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No Traces: The Low Profile of Peter Zwetkoff

Years ago, when I was working as a reporter in Austria, I asked the composer Peter Zwetkoff whether he would let me profile him for the newspaper. The man was appalled. He shook his head and gave me a look so intense it scared me. "Bloss keine Spuren," he said, talking as quietly as he always did but with a determination that put an instant halt to further inquiries. Bloss keine Spuren. No traces.

Peter Zwetkoff was born in Bulgaria in 1925. He grew up in a village just outside of Innsbruck, Austria. As a teenager, Zwetkoff joined the resistance against Hitler. Gestapo men arrested him repeatedly and tortured him. As of the mid nineteen-fifties Zwetkoff lived in Germany where he worked as a freelance composer for a radio station. Peter Zwetkoff died on May 17, in Baden-Baden, Germany. Searching the web for documentation on Zwetkoff yesterday, I came up almost empty-handed. I found a page on Wikipedia and entries in various music and film databases. But there isn't much else, just an obituary written by a friend of Zwetkoff's, the Austrian novelist Erich Hackl. Zwetkoff had continued to keep a low profile.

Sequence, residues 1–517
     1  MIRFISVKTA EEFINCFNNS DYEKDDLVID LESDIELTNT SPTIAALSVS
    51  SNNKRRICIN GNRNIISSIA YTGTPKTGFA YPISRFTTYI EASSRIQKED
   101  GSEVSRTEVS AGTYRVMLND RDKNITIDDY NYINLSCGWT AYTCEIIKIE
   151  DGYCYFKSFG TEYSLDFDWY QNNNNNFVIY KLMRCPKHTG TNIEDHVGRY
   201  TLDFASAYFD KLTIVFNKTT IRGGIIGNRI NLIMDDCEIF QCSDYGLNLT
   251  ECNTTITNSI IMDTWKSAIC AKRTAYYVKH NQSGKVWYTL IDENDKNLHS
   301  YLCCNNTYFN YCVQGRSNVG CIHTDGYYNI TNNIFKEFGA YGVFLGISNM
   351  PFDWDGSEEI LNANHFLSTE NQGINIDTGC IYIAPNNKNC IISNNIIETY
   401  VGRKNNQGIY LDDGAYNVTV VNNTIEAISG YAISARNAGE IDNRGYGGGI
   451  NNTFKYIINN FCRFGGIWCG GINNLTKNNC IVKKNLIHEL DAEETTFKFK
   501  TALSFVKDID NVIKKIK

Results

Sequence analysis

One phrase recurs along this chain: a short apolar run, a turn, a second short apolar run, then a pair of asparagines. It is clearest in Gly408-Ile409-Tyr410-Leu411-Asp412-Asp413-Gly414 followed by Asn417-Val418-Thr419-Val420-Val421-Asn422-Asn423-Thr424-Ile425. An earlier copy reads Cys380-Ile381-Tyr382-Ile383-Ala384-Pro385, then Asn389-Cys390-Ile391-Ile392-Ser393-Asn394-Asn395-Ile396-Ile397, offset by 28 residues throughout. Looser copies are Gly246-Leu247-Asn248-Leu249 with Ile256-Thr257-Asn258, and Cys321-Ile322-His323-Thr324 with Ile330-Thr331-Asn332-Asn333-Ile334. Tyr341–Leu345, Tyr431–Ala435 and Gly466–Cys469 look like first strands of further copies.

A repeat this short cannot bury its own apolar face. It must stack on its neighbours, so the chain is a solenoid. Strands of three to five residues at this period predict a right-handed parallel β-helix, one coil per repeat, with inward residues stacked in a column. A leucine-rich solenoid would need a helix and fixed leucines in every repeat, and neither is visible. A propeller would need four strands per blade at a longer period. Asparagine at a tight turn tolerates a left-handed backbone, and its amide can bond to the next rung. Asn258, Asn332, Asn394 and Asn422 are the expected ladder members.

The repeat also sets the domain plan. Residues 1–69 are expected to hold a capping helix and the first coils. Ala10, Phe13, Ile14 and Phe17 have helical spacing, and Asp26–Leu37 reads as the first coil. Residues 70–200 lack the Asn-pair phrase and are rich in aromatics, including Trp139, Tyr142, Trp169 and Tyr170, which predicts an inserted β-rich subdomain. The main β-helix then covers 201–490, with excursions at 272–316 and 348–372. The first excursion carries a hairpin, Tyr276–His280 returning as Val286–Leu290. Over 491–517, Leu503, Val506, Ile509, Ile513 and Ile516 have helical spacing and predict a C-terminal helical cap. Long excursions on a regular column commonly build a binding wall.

No traces: our conversation occurred in a small pub in Vienna, about twenty years ago. This was long before Facebook and bare-it-all blogs, before we entered the age of collective exhibitionism. During the past years, I have often wondered how suicidal we must seem to those who have been shaped by regimes of terror -- and how lucky we are if we have lived our lives without knowing what dictatorship feels like.

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